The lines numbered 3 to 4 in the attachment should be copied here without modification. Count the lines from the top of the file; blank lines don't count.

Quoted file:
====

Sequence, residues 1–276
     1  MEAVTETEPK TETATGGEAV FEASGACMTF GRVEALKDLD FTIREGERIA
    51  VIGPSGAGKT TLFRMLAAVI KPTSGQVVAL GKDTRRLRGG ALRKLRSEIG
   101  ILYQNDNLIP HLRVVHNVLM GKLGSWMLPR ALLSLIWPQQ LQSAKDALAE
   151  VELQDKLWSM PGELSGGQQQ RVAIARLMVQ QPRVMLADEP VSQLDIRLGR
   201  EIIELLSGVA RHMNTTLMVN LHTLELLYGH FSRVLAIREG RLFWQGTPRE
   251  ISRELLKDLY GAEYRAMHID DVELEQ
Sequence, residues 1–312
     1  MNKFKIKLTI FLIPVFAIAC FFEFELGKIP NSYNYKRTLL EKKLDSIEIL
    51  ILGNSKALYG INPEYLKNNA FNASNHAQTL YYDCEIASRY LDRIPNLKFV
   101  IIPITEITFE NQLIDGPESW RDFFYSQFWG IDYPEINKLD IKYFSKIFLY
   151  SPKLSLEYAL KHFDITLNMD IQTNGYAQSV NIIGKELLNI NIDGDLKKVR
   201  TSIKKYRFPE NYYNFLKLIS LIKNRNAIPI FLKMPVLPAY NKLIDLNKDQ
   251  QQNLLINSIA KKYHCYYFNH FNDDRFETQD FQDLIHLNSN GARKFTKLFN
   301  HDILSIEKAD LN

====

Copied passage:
    51  VIGPSGAGKT TLFRMLAAVI KPTSGQVVAL GKDTRRLRGG ALRKLRSEIG
   101  ILYQNDNLIP HLRVVHNVLM GKLGSWMLPR ALLSLIWPQQ LQSAKDALAE